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Overcoming Chemotherapy Resistance in Metastatic Cancer: A Comprehensive Review

Maryam Eslami
Omid Memarsadeghi
Ali Davarpanah
Afshin Arti
Karim Nayernia
5,* and
Babak Behnam
Applied Biotechnology Research Center, Tehran Medical Sciences, Islamic Azad University, Tehran 1949635881, Iran
International Faculty, Tehran Medical Sciences, Islamic Azad University, Tehran 1949635881, Iran
Department of Genetics, Faculty of Advanced Science and Technology, Tehran Medical Sciences, Islamic Azad University, Tehran 1949635881, Iran
Department of Biomedical Engineering, Central Tehran Branch, Islamic Azad University, Tehran 1469669191, Iran
International Center for Personalized Medicine (P7Medicine), 40235 Dusseldorf, Germany
Department of Regulatory Affairs, Amarex Clinical Research, NSF International, Germantown, MD 20874, USA
Authors to whom correspondence should be addressed.
These authors contributed equally to this work.
Biomedicines 2024, 12(1), 183;
Submission received: 26 November 2023 / Revised: 17 December 2023 / Accepted: 5 January 2024 / Published: 15 January 2024
(This article belongs to the Special Issue Feature Reviews in Anticancer Drug Delivery Systems)


The management of metastatic cancer is complicated by chemotherapy resistance. This manuscript provides a comprehensive academic review of strategies to overcome chemotherapy resistance in metastatic cancer. The manuscript presents background information on chemotherapy resistance in metastatic cancer cells, highlighting its clinical significance and the current challenges associated with using chemotherapy to treat metastatic cancer. The manuscript delves into the molecular mechanisms underlying chemotherapy resistance in subsequent sections. It discusses the genetic alterations, mutations, and epigenetic modifications that contribute to the development of resistance. Additionally, the role of altered drug metabolism and efflux mechanisms, as well as the activation of survival pathways and evasion of cell death, are explored in detail. The strategies to overcome chemotherapy resistance are thoroughly examined, covering various approaches that have shown promise. These include combination therapy approaches, targeted therapies, immunotherapeutic strategies, and the repurposing of existing drugs. Each strategy is discussed in terms of its rationale and potential effectiveness. Strategies for early detection and monitoring of chemotherapy drug resistance, rational drug design vis-a-vis personalized medicine approaches, the role of predictive biomarkers in guiding treatment decisions, and the importance of lifestyle modifications and supportive therapies in improving treatment outcomes are discussed. Lastly, the manuscript outlines the clinical implications of the discussed strategies. It provides insights into ongoing clinical trials and emerging therapies that address chemotherapy resistance in metastatic cancer cells. The manuscript also explores the challenges and opportunities in translating laboratory findings into clinical practice and identifies potential future directions and novel therapeutic avenues. This comprehensive review provides a detailed analysis of strategies to overcome chemotherapy resistance in metastatic cancer. It emphasizes the importance of understanding the molecular mechanisms underlying resistance and presents a range of approaches for addressing this critical issue in treating metastatic cancer.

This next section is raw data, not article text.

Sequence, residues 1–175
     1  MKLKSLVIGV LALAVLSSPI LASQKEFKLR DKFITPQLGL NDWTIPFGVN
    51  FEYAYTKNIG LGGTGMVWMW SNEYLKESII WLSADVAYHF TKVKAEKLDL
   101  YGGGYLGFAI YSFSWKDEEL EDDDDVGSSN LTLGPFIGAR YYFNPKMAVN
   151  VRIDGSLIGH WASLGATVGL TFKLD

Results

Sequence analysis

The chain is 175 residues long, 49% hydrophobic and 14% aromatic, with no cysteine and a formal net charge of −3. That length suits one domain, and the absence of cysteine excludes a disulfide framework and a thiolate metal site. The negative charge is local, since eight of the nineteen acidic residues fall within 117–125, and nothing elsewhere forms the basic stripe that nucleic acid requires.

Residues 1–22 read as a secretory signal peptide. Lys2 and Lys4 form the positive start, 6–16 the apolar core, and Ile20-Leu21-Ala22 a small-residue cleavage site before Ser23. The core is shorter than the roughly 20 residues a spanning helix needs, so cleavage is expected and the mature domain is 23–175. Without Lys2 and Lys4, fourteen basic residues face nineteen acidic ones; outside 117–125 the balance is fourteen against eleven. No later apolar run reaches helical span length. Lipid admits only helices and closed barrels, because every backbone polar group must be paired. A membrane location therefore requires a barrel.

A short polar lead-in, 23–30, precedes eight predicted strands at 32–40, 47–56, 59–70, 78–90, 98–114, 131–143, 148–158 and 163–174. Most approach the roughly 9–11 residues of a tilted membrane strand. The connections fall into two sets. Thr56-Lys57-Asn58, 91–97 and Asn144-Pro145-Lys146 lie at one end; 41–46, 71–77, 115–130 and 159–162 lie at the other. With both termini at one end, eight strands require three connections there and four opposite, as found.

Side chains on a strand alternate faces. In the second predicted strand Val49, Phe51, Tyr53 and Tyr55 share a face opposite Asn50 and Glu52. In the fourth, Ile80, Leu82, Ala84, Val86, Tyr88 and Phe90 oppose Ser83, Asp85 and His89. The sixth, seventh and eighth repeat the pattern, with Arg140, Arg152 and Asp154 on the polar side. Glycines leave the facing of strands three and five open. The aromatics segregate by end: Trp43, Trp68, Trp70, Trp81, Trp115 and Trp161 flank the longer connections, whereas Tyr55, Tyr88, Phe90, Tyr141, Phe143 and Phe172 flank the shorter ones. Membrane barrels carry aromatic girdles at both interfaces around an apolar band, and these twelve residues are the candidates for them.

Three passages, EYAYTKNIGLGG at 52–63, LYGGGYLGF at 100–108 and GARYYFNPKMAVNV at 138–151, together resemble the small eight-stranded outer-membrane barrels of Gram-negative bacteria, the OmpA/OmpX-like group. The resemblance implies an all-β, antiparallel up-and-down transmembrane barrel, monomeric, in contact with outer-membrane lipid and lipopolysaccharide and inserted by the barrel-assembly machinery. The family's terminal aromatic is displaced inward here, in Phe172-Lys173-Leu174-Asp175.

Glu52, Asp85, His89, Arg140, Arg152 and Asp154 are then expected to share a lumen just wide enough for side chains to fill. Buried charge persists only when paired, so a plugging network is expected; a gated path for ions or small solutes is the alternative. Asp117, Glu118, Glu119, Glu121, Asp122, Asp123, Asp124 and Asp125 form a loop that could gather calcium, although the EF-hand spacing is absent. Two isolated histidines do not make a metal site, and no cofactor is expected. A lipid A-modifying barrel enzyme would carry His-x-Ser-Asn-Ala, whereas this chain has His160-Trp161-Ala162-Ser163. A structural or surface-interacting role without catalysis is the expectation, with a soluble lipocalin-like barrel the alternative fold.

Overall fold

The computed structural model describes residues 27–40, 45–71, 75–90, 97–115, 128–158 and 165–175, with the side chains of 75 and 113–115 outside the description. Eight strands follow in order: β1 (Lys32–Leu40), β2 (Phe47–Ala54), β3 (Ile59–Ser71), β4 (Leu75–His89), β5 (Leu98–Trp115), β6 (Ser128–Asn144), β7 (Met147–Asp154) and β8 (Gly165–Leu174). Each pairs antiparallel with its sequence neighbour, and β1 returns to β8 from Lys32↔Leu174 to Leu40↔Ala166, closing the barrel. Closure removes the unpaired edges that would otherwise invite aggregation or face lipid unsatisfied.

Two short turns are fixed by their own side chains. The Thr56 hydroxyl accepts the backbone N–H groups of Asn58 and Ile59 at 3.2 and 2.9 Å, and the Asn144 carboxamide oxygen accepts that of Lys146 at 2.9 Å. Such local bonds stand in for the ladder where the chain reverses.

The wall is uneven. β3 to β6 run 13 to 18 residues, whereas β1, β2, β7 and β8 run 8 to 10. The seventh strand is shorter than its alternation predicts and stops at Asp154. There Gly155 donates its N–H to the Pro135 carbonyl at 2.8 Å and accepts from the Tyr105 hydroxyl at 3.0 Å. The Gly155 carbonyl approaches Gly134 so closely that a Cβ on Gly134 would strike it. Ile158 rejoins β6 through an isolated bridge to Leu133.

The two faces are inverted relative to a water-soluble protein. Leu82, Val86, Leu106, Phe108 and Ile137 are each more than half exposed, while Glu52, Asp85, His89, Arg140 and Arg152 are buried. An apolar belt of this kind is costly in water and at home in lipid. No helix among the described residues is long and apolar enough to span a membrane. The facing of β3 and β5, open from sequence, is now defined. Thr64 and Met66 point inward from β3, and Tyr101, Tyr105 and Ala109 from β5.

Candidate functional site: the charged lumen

Graphical Abstract

1. Introduction

Cancer is a leading cause of morbidity and mortality worldwide [1]. According to the World Health Organization Global Info base reports, cancer cases are on the rise, likely leading to around 15 million deaths annually. Based on the data from the American Cancer Society (ACS), in 2023, a total of 1,958,310 new cancer cases and 609,820 cancer deaths have been registered in the United States [2]. Chemotherapy is one of the most important tools in the management of metastatic cancer [3]. Chemotherapeutic drugs affect rapidly proliferating cancer cells but, unfortunately, damage normal bystander cells and also select drug resistance [4]. Multidrug resistance to the current chemotherapy drugs is the main reason for chemotherapy failures. Drug resistance is generally classified into two groups, intrinsic and acquired. Tumors with inherent resistance show a resistant phenotype to chemotherapy before they encounter chemotherapeutic drugs, which are thus ineffective in the chemotherapeutic treatment of these tumors. Most tumors with acquired resistance may respond to chemotherapy but later become insensitive to similar drugs [5]. Intrinsic and acquired multidrug resistance can limit the effectiveness of chemotherapy and have emerged as significant challenges in cancer treatment. For example, drug resistance accounts for approximately 90% of deaths in ovarian cancer patients [6]. In addition to resistance to established chemotherapeutic drugs, such as cytotoxic agents, resistance to newer-generation drugs is commonly observed in cancer cells. Therefore, the drug resistance mechanisms of cancer cells have been comprehensively investigated and novel therapeutic strategies against resistance should be further developed [6]. This review summarizes the mechanisms of drug resistance and the effect of natural products is briefly discussed. We propose a strategy to overcome drug resistance in metastatic cancerous cells that target nonapoptotic cell death, especially necroptosis, autophagy, and necrosis.